If you don't know about little o, theta and omega then don't worry about it. I'll mention them just for fun
big O is like <=
little o is like <
big theta is like =
big omega is like >=
little omega is like >

Anyway. If the limit is not infinite then big O is true. The value of the limit will also give you a nice M for proving by the definition (Ozo's method) for most cases.

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Commented:
do you know the definition of f(n) = O(g(n)) ?
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Author Commented:
From what I understand max(f(n)) = O(g(n)).

Where max(f(n)) would give you the term with the highest exponent.

Am I right?
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Commented:
not exactly
f(n) = O(g(n)) means that there exists a positive number M and a real number x0 such that
|f(x)| <= M*|g(x)| for all x > x0

so can you find any M and x0 such that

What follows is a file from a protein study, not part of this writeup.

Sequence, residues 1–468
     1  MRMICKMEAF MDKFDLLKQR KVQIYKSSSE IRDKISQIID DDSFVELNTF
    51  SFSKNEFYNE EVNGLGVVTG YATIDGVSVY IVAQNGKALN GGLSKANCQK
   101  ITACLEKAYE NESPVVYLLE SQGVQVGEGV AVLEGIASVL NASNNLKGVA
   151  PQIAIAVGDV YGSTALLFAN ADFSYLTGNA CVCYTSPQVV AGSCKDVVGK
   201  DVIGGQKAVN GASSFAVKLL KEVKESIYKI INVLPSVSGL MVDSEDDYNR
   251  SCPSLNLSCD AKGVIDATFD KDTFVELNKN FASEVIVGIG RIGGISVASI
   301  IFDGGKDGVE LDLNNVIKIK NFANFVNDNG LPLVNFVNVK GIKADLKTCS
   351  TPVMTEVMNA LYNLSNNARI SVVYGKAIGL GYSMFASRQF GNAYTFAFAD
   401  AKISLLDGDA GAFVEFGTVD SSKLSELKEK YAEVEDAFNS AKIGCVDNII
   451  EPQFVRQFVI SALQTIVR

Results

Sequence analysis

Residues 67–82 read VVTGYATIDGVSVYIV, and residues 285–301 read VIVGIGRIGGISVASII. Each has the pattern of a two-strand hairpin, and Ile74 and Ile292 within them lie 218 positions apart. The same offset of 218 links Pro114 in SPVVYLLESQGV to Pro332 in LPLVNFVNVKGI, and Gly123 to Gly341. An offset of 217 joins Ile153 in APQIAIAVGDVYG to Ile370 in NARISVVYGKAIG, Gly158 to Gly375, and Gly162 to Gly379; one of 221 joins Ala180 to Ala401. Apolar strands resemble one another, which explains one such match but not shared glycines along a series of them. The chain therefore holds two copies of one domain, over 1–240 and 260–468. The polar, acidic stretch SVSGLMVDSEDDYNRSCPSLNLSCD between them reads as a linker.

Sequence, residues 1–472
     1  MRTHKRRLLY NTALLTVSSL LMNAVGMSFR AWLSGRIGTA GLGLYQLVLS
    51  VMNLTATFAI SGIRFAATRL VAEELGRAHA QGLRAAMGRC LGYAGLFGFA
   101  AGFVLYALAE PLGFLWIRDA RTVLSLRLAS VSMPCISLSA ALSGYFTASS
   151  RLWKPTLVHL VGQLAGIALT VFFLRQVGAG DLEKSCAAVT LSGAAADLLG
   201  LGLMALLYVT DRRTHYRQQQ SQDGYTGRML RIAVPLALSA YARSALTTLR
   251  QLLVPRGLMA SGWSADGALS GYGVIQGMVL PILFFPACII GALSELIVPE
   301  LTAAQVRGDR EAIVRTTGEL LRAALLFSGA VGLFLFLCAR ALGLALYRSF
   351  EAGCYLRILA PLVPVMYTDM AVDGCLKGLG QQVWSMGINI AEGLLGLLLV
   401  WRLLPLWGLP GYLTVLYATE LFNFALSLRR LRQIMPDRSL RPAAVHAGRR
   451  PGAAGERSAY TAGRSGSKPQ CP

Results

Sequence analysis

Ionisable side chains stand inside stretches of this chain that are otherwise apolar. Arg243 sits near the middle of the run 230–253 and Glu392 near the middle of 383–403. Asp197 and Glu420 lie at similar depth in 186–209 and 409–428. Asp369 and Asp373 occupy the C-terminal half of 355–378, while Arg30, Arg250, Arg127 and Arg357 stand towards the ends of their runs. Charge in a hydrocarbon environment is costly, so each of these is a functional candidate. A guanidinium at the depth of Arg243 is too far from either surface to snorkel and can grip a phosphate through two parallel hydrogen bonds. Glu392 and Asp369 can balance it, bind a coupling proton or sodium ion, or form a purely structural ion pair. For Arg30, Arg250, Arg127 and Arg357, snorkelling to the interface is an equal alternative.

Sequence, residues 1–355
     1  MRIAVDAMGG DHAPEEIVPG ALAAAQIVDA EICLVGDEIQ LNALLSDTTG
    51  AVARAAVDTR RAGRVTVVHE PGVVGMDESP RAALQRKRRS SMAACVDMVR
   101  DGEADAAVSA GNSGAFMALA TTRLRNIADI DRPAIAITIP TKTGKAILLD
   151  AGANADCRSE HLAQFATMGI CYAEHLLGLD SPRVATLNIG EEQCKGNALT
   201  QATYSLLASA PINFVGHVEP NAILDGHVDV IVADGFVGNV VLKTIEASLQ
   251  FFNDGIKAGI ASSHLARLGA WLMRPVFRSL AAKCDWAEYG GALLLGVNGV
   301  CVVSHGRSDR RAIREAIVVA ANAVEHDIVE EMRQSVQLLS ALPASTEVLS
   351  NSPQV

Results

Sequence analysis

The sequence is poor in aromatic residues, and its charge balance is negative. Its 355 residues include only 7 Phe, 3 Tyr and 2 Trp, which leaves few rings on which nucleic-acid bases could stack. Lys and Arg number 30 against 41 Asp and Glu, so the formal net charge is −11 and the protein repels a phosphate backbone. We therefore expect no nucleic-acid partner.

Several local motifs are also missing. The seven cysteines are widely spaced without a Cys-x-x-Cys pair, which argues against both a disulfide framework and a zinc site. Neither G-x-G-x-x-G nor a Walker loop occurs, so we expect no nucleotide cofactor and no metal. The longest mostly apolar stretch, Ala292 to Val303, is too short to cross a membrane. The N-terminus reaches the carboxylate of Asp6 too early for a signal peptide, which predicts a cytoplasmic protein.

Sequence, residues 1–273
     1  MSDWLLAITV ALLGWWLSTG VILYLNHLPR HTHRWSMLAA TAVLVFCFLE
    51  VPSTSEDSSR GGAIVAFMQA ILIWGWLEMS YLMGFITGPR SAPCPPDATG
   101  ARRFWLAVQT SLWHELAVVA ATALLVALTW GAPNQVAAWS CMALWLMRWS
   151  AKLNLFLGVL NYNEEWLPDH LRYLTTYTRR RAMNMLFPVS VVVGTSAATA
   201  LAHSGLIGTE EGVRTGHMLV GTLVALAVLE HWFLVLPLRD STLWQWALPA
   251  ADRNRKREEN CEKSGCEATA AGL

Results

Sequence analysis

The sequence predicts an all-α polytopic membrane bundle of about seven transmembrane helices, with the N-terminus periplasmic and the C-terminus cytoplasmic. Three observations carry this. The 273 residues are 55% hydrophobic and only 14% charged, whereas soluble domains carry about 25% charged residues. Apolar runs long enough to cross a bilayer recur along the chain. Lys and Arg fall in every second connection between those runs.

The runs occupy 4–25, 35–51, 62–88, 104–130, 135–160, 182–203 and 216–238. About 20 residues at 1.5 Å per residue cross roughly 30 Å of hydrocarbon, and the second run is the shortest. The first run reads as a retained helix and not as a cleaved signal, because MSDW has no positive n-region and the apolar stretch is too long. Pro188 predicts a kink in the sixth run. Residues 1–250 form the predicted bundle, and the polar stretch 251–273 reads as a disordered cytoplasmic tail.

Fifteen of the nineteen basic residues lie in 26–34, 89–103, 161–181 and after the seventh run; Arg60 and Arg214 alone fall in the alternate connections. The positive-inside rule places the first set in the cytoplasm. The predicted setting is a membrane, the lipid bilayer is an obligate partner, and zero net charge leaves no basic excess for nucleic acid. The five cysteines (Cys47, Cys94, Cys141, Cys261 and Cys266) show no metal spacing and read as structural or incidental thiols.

|x^2| <= M*|2^x| for all x > x0
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Author Commented:
Hm... I'm supposed to find an M that makes |x^2| <= M*|2^x| true? But... is M a constant?
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Commented:
You are supposed to find a constant M and a constant x0 that makes |x^2| <= M*|2^x| true for all x > x0
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Commented:
or prove that they exist without necessarily finding them, but in this case, finding such an M and x0 may be the
easiest way to prove that they exist.